Early this morning, March 3rd, at 5:51am EST, SpaceX's Crew Dragon spacecraft successfully docked with the International Space Station.
Crew Dragon was launched on the Falcon 9 rocket from LC-39a at 2:49am EST Saturday morning.
This launch marked the first time that a crew vehicle has launched from the United States since 2011, when the Space Shuttle retired. This marked a moment in history for the US as well as SpaceX. This is the first time that a commercial crew vehicle has been launched to the International Space Station.
It took 17 years since SpaceX (Space Exploration Technologies) was founded back in 2002 and their goal of launching humans into space just got one step closer to doing so. With Crew Dragon performing nominally, SpaceX is looking good to launch crew later this year after a successful In-Flight Abort test in a couple months.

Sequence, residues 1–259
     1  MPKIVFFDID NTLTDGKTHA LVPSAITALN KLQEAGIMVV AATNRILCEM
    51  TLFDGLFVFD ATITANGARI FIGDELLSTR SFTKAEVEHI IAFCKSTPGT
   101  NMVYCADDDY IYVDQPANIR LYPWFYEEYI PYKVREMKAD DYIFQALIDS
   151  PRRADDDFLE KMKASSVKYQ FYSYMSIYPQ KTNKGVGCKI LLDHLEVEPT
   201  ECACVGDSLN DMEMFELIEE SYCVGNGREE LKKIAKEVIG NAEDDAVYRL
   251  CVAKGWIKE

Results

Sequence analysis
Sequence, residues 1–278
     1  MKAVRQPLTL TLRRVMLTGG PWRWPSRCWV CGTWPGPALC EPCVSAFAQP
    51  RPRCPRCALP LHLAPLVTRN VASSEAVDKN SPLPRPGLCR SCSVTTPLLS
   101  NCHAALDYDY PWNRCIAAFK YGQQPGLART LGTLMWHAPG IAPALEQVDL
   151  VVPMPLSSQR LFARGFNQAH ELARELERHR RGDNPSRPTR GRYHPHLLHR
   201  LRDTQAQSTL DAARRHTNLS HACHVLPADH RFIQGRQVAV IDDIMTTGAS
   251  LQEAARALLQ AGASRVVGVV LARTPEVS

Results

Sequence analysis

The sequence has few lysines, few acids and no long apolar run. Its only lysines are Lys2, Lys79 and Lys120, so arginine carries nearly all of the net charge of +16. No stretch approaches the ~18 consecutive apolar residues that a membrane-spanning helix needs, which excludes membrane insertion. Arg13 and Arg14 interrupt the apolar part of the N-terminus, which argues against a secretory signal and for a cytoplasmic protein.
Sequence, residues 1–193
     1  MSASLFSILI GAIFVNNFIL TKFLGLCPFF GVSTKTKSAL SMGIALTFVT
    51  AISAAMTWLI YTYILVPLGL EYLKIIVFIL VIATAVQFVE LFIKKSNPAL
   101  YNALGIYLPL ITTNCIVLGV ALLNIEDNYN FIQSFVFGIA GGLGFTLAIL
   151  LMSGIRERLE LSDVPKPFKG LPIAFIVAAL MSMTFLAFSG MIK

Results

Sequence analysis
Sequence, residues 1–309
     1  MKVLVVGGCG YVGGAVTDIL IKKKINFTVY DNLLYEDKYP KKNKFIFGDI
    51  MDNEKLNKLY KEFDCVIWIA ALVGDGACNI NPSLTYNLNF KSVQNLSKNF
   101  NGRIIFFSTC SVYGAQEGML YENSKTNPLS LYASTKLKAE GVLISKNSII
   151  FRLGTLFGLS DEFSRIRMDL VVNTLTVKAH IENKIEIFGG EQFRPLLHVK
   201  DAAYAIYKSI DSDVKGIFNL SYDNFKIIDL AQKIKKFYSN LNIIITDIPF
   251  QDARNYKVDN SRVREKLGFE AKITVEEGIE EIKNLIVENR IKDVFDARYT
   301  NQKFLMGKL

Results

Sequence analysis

Right now the only concerns for Crew Dragon after deorbiting is reentry stability, due to the asymmetric design of the capsule with the 4 superdraco abort pods. Crew Dragon is currently operation just as planned in space and has continued to pass milestones on the road to certify the vehicle for human spaceflight. In the future when Dragon is in regular operation, its seats will open up to commercial/private customers, but right now it's only to supply NASA's needs for the ISS.
After a 5 day stay at the International Space Station, Dragon will undock and prepare to deorbit and reenter Earth's atmosphere, then splashdown off the east coast of Florida.